Most of us have slipped on wet floors before, but sometimes, these slips can lead to falls, which can lead to severe injuries. Florida expects its businesses to maintain reasonably safe areas for their clients, so if they know or should know about a wet floor that injures a client, they are likely at least partially liable for that client’s injuries. Prior to 2010, for an injured party to successfully sue a business for their slip-and-fall injury, they needed to show the following: if the business were reasonably maintaining itself, it would have addressed the puddle that directly caused the injury. In 2010, the Florida legislature tightened its slip-and-fall statute, requiring that the injured party show that the business knew or should have known about the puddle. To do this, they could argue that the puddle existed for long enough that the business should have known about it, or that puddles like it were frequent occurrences, so the business should have foreseen it. Either way, this new requirement has sent ripples through Florida’s courts.
In 2005, James Glaze was walking back from a restroom outside of a Chick-fil-A at a mall food court. When he walked by the Chick-fil-A counter, he slipped on a puddle of water, injuring himself. Even though the puddle was not technically in the Chick-fil-A (it was in the common mall area right outside), a witness had seen it flow from within the Chick-fil-A employee-only area. Thus, Chick-fil-A should have addressed the spill. Because they did not address the spill and the spill directly caused James’ injuries, they were liable for James’ injuries. The Glazes filed a lawsuit against the Chick-fil-A within their four-year statute of limitations (time limit), so their lawsuit was definitely filed before the 2010 statute change. The trial court, however, did not read the case until after the change, so they ruled in favor of Chick-fil-A, noting that the lawsuit did not argue that Chick-fil-A should have known about spill as would be required by the 2010 statute. The Glazes appealed successfully, convincing the Florida’s First District Court of Appeals that the 2010 statute should not be applied retroactively to their 2005 case.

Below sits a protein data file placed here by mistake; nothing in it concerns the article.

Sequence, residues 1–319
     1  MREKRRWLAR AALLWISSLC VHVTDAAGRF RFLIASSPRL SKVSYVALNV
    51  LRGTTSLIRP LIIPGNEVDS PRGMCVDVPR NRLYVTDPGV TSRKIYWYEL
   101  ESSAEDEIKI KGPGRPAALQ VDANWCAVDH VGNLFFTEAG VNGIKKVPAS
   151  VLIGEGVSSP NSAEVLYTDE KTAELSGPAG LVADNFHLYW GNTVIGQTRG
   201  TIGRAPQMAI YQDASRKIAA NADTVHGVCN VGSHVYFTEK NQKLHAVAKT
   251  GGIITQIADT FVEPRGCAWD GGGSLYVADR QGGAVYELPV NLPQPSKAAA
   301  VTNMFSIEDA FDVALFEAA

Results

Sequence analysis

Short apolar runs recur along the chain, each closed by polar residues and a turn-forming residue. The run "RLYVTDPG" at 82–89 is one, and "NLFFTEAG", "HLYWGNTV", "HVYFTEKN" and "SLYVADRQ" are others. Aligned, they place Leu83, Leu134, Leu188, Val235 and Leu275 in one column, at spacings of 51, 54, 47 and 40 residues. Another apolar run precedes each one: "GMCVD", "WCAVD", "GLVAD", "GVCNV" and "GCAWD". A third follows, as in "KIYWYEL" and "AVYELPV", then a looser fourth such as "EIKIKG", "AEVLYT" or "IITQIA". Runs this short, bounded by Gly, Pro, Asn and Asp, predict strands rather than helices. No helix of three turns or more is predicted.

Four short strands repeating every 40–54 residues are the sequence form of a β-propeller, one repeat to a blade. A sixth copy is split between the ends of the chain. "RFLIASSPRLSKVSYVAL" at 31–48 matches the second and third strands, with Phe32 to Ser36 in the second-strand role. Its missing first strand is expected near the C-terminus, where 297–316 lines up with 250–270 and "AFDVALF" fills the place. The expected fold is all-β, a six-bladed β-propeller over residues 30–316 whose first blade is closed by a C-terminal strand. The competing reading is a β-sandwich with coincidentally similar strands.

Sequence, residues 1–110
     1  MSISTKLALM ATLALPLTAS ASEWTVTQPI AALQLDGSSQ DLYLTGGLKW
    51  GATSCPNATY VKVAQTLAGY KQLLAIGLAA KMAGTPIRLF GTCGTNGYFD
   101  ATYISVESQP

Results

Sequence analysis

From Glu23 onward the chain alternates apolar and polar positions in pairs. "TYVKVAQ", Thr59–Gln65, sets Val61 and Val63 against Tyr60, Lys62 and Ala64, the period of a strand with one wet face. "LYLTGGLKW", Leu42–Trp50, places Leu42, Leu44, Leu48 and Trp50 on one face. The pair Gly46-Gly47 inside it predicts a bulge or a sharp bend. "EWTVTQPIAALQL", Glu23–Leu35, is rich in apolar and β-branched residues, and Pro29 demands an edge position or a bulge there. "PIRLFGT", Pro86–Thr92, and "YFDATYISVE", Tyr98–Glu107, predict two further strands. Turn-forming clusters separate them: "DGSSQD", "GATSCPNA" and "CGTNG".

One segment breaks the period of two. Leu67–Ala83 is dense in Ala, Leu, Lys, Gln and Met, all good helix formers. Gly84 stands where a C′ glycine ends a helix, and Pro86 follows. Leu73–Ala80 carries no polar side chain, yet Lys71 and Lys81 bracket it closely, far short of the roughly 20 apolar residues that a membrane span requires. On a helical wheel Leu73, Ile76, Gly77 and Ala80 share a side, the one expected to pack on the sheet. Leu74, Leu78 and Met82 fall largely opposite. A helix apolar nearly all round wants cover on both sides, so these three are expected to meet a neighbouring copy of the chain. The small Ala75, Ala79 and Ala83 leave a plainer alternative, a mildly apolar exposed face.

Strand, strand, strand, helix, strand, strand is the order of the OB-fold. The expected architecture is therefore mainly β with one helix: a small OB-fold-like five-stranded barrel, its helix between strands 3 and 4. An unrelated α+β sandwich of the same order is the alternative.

If James’ case occurred now, under the 2010 statute, the Glazes would need to argue that the Chick-fil-A should have known about the puddle they were creating just outside of their employee-only area. If this “burden of proof” is met, then an injured party in a slip-and-fall case receives compensation equal to the proportion of blame placed on the business. For example, if the injury was 20% the fault of the injured party because they were distracted by their phone, then they would receive 80% compensation for their injury. The level of argument required by the 2010 statute emphasizes the need for you to contact an experienced premises liability legal group, like the King Law Firm, for a free consultation for your slip-and-fall case.